Tuesday, May 19, 2009

Wall Street slated for weak open

NEW YORK (CNNMoney.com) -- U.S. stocks were set for a lackluster open Tuesday, as investor sentiment suffered a blow from dismal housing reports.
At 8:50 a.m. ET, Dow Jones industrial average, Standard & Poor's 500 and Nasdaq 100 futures were lower, losing their earlier gains after disappointing reports on housing starts and building permits.
Futures measure current index values against perceived future performance and offer an indication of how markets may open when trading begins on Wall Street.
Economy: The Commerce Department reported declines in April for housing starts and building permits.
Building permits fell 3% to an annually adjusted rate of 494,000 in April, from the revised rate of 511,000 in March. That is 50% below the year-ago rate of 991,000, and significantly below Briefing.com's expectations of a rise to 530,000.
Housing starts in April dropped nearly 13% to the seasonally adjusted annual rate of 458,000, from the revised March rate of 525,000. This is down 54% from the year-ago rate of 1 million.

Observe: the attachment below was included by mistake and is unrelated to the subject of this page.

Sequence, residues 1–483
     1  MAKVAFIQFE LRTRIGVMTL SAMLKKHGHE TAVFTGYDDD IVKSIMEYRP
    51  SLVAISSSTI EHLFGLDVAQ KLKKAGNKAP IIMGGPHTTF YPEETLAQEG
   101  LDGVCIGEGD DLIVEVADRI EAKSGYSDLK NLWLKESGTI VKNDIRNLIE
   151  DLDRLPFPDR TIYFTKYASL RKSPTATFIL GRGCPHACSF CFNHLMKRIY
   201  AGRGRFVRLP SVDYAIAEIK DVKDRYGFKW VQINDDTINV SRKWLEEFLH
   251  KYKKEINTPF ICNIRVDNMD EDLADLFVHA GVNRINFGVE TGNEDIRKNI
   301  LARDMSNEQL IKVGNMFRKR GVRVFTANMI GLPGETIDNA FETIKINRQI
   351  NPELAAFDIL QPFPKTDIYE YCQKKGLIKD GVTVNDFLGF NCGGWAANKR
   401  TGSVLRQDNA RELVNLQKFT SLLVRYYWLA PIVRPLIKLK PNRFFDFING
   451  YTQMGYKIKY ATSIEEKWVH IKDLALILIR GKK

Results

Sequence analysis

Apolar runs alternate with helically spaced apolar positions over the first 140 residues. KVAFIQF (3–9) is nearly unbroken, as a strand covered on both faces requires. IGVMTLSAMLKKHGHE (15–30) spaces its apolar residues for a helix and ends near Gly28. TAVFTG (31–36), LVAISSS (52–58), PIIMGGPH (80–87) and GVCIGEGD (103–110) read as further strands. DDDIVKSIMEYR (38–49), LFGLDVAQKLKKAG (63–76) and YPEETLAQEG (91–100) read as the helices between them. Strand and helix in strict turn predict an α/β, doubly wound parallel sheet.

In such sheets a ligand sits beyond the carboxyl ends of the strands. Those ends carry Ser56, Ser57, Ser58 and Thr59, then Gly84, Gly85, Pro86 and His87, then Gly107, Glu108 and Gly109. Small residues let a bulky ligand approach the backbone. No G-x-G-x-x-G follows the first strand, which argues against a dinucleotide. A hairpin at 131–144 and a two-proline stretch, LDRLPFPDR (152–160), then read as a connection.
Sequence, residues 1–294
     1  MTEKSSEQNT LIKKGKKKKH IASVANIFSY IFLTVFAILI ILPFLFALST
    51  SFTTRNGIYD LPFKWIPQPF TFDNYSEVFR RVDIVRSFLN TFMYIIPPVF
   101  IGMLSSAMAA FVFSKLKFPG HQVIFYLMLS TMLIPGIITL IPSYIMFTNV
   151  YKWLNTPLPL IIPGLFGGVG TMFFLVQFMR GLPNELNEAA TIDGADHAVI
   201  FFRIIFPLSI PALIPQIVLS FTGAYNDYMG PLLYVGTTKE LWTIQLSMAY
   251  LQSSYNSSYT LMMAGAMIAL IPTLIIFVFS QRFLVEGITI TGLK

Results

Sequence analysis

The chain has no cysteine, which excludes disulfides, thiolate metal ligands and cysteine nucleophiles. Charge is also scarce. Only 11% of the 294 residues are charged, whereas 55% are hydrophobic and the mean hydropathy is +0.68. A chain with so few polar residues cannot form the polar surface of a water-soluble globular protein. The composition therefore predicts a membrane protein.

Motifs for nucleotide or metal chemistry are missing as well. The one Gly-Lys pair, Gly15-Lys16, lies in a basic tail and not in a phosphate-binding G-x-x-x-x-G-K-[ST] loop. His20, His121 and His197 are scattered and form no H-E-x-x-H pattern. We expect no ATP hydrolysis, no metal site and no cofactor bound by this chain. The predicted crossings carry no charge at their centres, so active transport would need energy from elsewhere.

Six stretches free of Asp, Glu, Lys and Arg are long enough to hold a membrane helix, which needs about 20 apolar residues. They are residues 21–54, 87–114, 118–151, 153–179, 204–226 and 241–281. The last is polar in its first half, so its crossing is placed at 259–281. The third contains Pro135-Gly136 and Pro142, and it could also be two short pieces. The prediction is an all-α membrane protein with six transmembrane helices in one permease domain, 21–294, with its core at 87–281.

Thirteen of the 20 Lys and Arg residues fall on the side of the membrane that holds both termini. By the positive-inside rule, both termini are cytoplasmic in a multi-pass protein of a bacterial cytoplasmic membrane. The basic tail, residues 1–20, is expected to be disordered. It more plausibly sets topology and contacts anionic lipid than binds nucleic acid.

Housing starts were expected to increase to 527,000 units in April, according to Briefing.com consensus.
Companies: Home improvement retailer Home Depot (HP) reported quarterly earnings that beat expectations. The company posted operating income of 35 cents per share, while a consensus of analyst forecasts from Thomson Reuters had expected 29 cents.
Credit card company American Express (AXP, Fortune 500) said late Monday that it would slash 4,000 jobs, or about 6% of its global workforce.
On the tech front, Hewlett-Packard (HPQ, Fortune 500) is due to post results after U.S. markets close.
World markets: Stocks in Japan rallied, with the benchmark Nikkei gaining nearly 3%. In morning trading, major European exchanges were higher.
First Published: May 19, 2009: 5:39 AM ET

WASHINGTON (MarketWatch) - New construction of U.S. houses retreated to a new record low in April, the Commerce Department estimated Tuesday. Starts plunged 12.8% in April to a seasonally adjusted 458,000 annualized units, weaker than the 519,000 pace expected by economists surveyed by MarketWatch. It is the lowest level since the series began in 1959. The drop was concentrated in starts of large apartment units. Starts of new single-family homes rose by 2.8% to 368,000 in April, while starts of large apartment units fell 46.1% to 90,000. Building permits, a leading indicator of housing construction, fell 3.3% to a seasonally adjusted annual rate of 494,000. This is a record low for permits.

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